MEDIA: SPOTLIGHT ON; BBC AND CHANNEL 5 MOVIE DEAL: Is C5 really sleeping with the enemy or is it just business?

Alasdair Reid looks at the unlikely bidding partners for the Fox films package

Alasdair Reid looks at the unlikely bidding partners for the Fox films

package



Tracing the labyrinth of deals and relationships between media owners is

about as easy as unravelling the late Robert Maxwell’s financial

affairs.



And it’s getting more complicated. Last week saw a classic of its kind,

with the BBC joining forces with Channel 5 to buy a package of movies

from the Fox film studios (Campaign, 29 November). The dollars 40

million deal covers 68 films, including Independence Day, Speed, Mrs

Doubtfire and Braveheart. Of those, 37 films will be exclusive to

Channel 5, 22 will be exclusive to the BBC. Of the remaining nine, five

will get first run on Channel 5 and swap to BBC for the second showing,

and the other four will migrate in the opposite direction.



The Fox studio, remember, is owned by Rupert Murdoch. The BBC has a

burgeoning relationship with Flextech, which is owned by the cable

giant, TCI, which in turn has plans to take on Murdoch in the multi-

channel TV business. Channel 5 has always maintained that it was going

to expand the total commercial audience by taking more viewers from the

BBC than from ITV and Channel 4. So what is it doing in bed with the

enemy?



You might as well ask why the BBC is doing so much to promote the long-

term value of two of Murdoch’s biggest TV properties - the Simpsons and

the X-Files. Or why Granada makes programmes for Sky and retunes

people’s videos on behalf of Channel 5.



Whatever happened to all those theories about the leverage that could be

gained from cross-media ownership? This might sound ludicrously simple,

but shouldn’t Murdoch be running Fox films on Sky 1 (after they’ve run

first on Sky Movies, naturally), thus boosting his own, non-premium

channels and depriving the rest of the TV market of feature films?



Maybe that will happen eventually, Paul Parashar, the broadcast director

of New PHD, argues. ‘It will be a different proposition in a few years’

time when Sky 1 is available in more homes,’ he says. ‘However,

Murdoch’s priority now must be to realise the highest value possible for

his Fox films.



‘I think we’ll increasingly see this type of deal. When there are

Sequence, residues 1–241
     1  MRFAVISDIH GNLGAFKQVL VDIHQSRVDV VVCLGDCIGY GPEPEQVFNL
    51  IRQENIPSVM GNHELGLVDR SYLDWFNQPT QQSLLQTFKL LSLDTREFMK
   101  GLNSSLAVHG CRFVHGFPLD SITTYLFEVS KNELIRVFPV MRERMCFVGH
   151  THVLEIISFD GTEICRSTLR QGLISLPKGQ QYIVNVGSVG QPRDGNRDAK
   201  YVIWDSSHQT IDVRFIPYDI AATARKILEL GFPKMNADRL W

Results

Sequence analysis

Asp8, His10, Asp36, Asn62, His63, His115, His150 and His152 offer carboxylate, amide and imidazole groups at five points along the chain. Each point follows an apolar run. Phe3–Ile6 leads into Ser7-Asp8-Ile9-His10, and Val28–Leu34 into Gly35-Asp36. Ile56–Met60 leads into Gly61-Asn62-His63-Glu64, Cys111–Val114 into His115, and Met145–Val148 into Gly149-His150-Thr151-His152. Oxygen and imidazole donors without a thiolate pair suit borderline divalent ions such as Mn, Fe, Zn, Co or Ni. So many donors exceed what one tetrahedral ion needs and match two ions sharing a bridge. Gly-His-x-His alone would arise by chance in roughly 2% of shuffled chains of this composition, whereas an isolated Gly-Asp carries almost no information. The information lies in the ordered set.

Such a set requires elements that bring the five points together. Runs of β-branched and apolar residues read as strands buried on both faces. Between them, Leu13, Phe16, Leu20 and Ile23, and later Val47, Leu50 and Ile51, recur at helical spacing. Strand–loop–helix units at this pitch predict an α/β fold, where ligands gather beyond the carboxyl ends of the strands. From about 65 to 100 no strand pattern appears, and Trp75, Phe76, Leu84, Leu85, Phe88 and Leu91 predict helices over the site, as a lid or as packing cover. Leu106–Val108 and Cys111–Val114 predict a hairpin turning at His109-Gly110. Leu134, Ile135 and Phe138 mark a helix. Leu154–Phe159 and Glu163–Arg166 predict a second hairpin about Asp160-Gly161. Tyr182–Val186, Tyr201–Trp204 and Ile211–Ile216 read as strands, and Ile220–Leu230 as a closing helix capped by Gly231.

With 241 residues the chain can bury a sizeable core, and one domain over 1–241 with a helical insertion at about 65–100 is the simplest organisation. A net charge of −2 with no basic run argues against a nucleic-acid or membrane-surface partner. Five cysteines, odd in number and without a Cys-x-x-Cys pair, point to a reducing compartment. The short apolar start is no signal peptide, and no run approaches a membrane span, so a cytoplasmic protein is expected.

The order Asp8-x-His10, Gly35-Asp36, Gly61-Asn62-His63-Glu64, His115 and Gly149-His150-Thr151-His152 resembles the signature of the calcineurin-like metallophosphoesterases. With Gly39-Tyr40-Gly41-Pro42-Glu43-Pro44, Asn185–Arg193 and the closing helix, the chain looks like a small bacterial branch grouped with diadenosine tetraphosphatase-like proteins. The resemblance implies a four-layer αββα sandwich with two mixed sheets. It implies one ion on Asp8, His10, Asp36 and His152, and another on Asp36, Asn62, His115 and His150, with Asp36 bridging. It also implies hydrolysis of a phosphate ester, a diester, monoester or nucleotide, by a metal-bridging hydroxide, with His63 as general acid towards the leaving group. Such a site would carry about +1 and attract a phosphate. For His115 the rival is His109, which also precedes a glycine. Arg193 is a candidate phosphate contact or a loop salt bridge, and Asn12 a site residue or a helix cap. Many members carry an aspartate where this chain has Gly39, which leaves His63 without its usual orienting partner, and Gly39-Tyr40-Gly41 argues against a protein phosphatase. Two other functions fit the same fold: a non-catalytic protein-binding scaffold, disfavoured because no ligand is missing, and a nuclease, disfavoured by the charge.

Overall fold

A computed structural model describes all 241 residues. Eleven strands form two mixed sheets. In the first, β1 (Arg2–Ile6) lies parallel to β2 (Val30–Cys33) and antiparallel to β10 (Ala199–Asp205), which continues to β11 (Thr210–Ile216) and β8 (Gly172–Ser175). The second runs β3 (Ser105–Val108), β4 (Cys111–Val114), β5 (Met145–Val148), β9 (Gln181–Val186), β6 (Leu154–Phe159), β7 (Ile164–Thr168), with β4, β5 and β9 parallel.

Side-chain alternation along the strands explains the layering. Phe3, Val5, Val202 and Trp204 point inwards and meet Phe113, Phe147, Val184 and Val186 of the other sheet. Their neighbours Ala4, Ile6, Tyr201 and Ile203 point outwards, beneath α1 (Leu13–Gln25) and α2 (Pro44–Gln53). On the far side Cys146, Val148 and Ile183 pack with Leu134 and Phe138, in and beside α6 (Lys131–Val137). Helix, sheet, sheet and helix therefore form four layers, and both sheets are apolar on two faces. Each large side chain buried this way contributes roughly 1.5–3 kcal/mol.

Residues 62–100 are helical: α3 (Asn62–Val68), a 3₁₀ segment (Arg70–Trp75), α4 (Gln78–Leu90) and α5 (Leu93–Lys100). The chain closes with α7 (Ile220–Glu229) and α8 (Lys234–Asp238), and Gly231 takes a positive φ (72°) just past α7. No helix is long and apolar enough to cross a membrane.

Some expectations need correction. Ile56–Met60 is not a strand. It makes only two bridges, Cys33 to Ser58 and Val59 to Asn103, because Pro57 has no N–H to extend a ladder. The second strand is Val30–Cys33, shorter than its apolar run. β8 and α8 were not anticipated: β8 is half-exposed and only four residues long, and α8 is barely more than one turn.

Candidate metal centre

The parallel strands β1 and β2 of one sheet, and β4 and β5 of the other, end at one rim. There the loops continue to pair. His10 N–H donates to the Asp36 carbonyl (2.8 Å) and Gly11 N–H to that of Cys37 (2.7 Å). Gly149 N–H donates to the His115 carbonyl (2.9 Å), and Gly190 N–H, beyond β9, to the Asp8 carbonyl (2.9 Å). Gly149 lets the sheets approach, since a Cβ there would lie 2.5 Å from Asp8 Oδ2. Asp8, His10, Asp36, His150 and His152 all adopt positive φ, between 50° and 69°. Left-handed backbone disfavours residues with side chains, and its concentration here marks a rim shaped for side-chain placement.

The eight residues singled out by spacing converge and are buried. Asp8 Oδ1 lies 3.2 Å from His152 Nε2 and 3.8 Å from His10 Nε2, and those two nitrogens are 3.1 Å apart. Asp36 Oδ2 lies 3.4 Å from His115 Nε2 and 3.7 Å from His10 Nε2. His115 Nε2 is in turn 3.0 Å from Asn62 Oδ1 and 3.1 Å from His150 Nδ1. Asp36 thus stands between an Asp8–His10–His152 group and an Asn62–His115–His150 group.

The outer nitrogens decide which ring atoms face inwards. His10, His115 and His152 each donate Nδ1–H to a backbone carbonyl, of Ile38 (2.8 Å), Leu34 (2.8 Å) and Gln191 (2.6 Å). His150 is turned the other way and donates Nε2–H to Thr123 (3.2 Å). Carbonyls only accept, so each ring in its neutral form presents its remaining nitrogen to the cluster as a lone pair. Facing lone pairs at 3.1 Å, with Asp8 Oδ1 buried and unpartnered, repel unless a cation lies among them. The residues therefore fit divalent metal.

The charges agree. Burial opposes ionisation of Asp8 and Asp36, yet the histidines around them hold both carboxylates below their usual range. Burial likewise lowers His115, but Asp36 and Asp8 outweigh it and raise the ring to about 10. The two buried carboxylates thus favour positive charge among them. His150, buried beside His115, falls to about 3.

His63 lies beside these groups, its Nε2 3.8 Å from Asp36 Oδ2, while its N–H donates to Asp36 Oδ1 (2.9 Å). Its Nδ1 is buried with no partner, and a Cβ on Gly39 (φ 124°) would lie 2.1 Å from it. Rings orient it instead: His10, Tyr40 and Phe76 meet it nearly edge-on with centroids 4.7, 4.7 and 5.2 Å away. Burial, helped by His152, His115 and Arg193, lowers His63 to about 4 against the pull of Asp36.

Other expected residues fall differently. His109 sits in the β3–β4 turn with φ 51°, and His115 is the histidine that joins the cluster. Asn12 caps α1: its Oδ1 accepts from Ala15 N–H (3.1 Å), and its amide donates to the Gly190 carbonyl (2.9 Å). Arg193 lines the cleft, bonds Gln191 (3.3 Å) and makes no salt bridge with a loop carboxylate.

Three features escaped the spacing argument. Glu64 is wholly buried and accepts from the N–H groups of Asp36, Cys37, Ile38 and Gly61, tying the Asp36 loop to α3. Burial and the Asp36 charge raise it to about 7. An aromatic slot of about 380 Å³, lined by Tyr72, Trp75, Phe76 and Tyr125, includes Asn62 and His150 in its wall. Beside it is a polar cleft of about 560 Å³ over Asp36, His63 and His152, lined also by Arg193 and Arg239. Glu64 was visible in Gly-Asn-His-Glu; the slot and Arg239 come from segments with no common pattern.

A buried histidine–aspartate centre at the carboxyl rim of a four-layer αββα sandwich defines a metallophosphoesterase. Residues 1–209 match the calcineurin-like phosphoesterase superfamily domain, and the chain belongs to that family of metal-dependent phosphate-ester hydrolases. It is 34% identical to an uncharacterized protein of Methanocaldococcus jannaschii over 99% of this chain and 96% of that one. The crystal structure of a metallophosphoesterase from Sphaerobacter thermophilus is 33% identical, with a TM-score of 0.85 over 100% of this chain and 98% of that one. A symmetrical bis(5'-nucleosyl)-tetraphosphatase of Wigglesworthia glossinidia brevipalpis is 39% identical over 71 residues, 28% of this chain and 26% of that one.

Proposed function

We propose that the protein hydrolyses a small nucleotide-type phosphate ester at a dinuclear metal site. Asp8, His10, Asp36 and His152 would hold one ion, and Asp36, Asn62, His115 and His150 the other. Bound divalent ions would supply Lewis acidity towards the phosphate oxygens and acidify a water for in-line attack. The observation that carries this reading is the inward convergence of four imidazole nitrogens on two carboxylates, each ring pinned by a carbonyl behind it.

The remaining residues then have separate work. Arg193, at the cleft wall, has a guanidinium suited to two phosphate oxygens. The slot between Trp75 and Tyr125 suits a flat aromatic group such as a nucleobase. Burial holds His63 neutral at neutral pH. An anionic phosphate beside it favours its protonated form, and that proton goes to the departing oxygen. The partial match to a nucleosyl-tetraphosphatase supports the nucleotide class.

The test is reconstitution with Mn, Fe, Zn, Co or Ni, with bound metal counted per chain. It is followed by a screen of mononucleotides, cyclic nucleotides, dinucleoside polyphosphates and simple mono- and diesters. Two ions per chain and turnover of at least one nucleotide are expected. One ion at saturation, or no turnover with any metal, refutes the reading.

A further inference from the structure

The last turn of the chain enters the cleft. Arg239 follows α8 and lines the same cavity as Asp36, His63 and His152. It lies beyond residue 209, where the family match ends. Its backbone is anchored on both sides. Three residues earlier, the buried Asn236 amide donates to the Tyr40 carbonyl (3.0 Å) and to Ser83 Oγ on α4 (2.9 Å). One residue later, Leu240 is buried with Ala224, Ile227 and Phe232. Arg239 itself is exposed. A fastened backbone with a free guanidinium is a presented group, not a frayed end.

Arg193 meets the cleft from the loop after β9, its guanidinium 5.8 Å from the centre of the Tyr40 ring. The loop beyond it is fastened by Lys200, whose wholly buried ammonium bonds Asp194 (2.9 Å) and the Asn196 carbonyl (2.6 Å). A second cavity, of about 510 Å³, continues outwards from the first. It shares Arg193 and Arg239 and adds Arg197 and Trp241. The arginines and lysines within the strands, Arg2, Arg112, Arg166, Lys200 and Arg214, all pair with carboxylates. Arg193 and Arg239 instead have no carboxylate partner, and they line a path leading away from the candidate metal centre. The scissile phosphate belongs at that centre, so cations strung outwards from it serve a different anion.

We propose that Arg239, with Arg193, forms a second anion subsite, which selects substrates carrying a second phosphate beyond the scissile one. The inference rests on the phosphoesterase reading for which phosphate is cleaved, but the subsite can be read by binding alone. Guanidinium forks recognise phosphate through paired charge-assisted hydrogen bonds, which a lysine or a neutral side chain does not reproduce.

hundreds of channels, only a limited number will be able to get hold of

landmark programming such as new movies. The competition will get

tougher and the way to win the bidding war will be for people to join

forces for mutual benefit.’



Will Saunders, the broadcast director of WCRS, agrees. ‘Programming is

expensive and collaborative deals often work,’ he maintains. ‘I think

this deal is especially good for Channel 5. It is most likely to take

audience from ITV, but even if it takes most from the BBC it will still

be appealing to advertisers. The only worry is whether films are going

to keep their audience pulling value. The terrestrial premiere of

Groundhog Day a few weeks back attracted only a 9 rating.’



Russell Boyman, the managing partner, broadcast, of Mediapolis, believes

that Channel 5 talk about taking on the BBC is a smokescreen. ‘They

aren’t rivals at all,’ he states. ‘It’s clear that Channel 5 is going to

be a younger ITV. There are certainly worse things it could be - but ITV

is where its audience will come from. As for Murdoch, I think he’ll be

happy to trade with anyone who isn’t ITV.’



Of course, there’s always the possibility that the reality is slightly

less Machiavellian. Cock-up is often a better bet than conspiracy,

especially when it comes to certain sectors of the UK’s commercial

broadcasting industry. There is a rumour that ITV actually had first

option to come in on this deal.



‘Maybe not quite the first,’ a Channel 5 source reveals. ‘We need films.

To get films we need a bidding partner. We asked Channel 4 and then we

asked ITV. They refused. The BBC said yes. It’s as simple as that.’



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